The salt marshes of Sound View Park are visited by egrets and night-herons, as well as fish-hunting Osprey. Photo: Robert/CC BY-NC-ND 2.0
Sound View Park

Birding Highlights by the Season

(no star = birding is not very productive, = somewhat productive, ✸✸ = productive, ✸✸✸ = very productive)
 
Spring Migration ✸✸
Warblers and other songbirds, flycatchers, shorebirds
 
Summer ✸✸
Nesting Eastern Kingbird, Willow Flycatcher, Barn and Tree Swallow, Yellow Warbler, Baltimore Oriole; foraging Great and Snowy Egret, Black- and Yellow-crowned Night-Heron; Osprey
 
Fall Migration ✸✸
Raptors, warblers, sparrows, and other songbirds
 
Winter ✸✸
Waterfowl, raptors, mixed songbird feeding flocks
 
Year-Round Highlights
Red-tailed Hawk, woodpeckers


Get Oriented

View a Google map of Sound View Park.

Yellow Warblers are among the songbirds that likely breed in Sound View Park. Photo: David Speiser "}" data-trix-content-type="undefined" class="attachment attachment--content"> Yellow Warblers are among the songbirds that likely breed in Sound View Park. Photo: David Speiser
 
After coursing through The New York Botanical Garden and the Bronx Zoo in a relatively natural state, the Bronx River travels through the more densely developed South Bronx and empties into East River. There at its mouth, it is overseen by the 205-acre Sound View Park, managed by NYC Parks. The majority of this waterside greenspace is built upon landfill that replaced saltmarsh. Remnants of the saltmarsh remain, however. This wetland habitat, combined with the Bronx and East Rivers, and the park’s extensive upland areas of meadows and trees, has attracted 133 species to Sound View Park, according to eBird records.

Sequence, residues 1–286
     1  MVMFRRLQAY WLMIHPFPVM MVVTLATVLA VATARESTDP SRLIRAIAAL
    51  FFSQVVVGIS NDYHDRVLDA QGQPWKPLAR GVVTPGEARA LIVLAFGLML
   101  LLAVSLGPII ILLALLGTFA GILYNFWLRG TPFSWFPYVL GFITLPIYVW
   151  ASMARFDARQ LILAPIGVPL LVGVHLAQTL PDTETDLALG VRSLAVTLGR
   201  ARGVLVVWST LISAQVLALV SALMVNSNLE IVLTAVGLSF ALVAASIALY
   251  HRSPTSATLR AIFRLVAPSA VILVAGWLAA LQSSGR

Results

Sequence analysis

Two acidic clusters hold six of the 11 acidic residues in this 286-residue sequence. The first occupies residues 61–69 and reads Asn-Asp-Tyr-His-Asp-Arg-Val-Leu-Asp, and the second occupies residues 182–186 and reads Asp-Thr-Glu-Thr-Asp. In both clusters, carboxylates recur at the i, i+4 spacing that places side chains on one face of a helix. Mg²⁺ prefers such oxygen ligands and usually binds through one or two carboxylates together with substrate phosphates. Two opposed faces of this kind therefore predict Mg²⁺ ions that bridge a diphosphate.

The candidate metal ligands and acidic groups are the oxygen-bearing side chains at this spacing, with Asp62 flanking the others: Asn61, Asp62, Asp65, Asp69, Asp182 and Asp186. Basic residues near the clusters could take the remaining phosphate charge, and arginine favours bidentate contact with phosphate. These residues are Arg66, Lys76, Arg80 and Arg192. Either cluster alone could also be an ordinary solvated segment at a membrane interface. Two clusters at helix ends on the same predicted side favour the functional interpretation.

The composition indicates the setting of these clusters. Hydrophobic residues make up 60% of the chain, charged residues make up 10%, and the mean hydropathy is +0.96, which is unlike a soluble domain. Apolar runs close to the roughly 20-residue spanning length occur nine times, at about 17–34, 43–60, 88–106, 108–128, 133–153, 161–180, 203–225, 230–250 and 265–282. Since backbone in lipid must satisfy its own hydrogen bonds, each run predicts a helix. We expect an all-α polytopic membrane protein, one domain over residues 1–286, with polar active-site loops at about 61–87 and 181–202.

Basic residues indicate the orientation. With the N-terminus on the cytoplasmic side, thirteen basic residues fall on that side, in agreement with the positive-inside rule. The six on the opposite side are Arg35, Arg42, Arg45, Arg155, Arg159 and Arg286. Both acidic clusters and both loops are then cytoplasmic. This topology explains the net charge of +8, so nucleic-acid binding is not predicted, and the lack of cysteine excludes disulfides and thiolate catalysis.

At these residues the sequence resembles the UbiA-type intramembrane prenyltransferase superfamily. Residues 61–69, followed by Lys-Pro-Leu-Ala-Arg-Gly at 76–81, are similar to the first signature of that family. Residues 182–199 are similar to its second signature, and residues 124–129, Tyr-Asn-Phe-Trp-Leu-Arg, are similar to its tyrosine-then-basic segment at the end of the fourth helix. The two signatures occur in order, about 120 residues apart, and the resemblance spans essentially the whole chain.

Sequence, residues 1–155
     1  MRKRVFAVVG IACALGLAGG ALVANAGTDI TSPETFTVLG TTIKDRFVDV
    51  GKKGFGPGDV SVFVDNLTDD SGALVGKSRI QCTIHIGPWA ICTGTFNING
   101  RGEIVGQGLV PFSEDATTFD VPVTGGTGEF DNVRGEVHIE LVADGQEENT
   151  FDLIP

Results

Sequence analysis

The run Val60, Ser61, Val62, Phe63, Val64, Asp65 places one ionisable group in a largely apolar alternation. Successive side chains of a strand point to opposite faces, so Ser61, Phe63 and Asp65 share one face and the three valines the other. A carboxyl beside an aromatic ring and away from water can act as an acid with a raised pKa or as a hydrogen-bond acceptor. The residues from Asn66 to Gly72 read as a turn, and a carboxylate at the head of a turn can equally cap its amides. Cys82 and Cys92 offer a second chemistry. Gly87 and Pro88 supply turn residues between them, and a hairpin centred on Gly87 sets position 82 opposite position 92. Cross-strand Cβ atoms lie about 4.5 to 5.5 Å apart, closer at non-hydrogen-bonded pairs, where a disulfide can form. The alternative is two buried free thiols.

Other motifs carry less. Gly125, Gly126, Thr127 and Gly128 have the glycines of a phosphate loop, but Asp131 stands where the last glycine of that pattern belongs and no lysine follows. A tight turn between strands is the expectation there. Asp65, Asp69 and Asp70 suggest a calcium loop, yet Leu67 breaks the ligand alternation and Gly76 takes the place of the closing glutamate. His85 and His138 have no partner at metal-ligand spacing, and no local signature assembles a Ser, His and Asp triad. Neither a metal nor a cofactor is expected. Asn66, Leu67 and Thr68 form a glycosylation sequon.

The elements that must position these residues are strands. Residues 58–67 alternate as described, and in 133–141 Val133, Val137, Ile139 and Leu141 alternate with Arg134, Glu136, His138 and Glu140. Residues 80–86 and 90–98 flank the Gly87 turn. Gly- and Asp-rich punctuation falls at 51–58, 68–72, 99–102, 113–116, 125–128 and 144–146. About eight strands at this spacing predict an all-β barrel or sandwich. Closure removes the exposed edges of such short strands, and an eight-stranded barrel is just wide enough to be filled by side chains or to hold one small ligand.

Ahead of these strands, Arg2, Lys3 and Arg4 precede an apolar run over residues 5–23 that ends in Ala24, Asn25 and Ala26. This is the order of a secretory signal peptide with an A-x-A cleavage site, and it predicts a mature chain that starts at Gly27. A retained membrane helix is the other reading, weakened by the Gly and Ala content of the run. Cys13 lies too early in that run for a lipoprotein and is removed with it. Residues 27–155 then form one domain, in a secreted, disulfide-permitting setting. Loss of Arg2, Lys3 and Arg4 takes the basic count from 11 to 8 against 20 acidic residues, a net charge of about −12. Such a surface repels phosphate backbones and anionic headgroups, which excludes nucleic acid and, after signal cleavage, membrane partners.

A number of bird species spend the summer in Sound View Park and likely nest here or nearby, including Killdeer, American Kestrel, Eastern Kingbird, Willow Flycatcher, Warbling Vireo, Tree and Barn Swallows, Gray Catbird, Yellow Warbler, Common Yellowthroat, Song Sparrow, Red-winged Blackbird, and Baltimore Oriole. Though a huge variety of migrant land birds such as flycatchers, warblers, and other songbirds has not been documented here, additional observation by birders during migration will likely find that many species stop over here to rest and refuel.
 
The saltmarsh at the southern end of Sound View Park is one of the few remnants of this habitat in the East River, and is visited spring through fall by Great and Snowy Egrets and Black- and Yellow-crowned Night-Herons that nest on nearby South Brother Island. Osprey are seen here with some frequency; a pair has nested recently on North Brother Island, and during the breeding season may stop by to catch fish for their nestlings. Shorebirds such as yellowlegs and Spotted Sandpiper stop by in late spring and late summer.
 
Dabbling ducks such as Mallard, American Black Duck, and Gadwall are frequent sightings in sheltered areas near shore year round; in winter, check the open water for diving ducks such as Red-breasted Merganser, Bufflehead, Ruddy Duck, scaup, and loons. Keep a lookout for Belted Kingfisher, which occasionally stops by. Our three common gull species are present in the park year round, as are Double-crested Cormorants.
Black-crowned Night-Herons, which nest on nearby South Brother Island, come to forage in Sound View Park. Photo: Diana Robinson/CC BY-NC-ND 2.0 "}" data-trix-content-type="undefined" class="attachment attachment--content"> Black-crowned Night-Herons, which nest on nearby South Brother Island, come to forage in Sound View Park. Photo: Diana Robinson/CC BY-NC-ND 2.0

When to Go

To see birding highlights at Sound View Park, see the top of this section. 

To learn about bird migration times and get other timing tips, see the When to Bird in NYC guide on our Birding 101 page.

 
For Sound View Park operating hours, see the “Directions and Visiting Info” section, below.
 

eBird

View eBird hotspot records for Sound View Park to explore recent bird sightings, species bar charts, and more.
 

Personal Safety

 Birding with a friend in Sound View Park is recommended, particularly in remote areas that may be less frequented.
 

Directions and Visiting Info

 View the NYC Parks page for Sound View Park for operating hours, directions, a park map, and additional background information.